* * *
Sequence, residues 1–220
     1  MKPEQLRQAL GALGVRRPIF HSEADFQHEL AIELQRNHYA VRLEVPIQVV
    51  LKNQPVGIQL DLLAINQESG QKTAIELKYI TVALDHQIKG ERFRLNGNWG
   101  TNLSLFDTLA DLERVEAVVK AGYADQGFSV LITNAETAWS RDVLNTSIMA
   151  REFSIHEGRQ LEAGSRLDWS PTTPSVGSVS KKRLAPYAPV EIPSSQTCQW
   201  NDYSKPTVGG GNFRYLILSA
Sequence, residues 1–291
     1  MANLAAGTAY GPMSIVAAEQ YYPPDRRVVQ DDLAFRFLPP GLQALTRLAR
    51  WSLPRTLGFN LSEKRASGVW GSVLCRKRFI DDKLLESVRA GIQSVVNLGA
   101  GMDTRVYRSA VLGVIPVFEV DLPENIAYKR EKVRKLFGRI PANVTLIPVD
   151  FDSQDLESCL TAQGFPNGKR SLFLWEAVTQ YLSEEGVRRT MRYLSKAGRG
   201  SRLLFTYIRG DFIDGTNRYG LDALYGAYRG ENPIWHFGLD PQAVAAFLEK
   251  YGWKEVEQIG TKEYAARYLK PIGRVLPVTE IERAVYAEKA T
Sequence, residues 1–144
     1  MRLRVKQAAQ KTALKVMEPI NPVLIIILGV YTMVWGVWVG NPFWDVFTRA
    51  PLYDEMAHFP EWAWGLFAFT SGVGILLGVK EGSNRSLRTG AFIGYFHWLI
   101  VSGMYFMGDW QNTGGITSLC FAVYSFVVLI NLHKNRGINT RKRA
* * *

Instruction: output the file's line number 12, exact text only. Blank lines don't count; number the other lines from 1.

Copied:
   201  SRLLFTYIRG DFIDGTNRYG LDALYGAYRG ENPIWHFGLD PQAVAAFLEK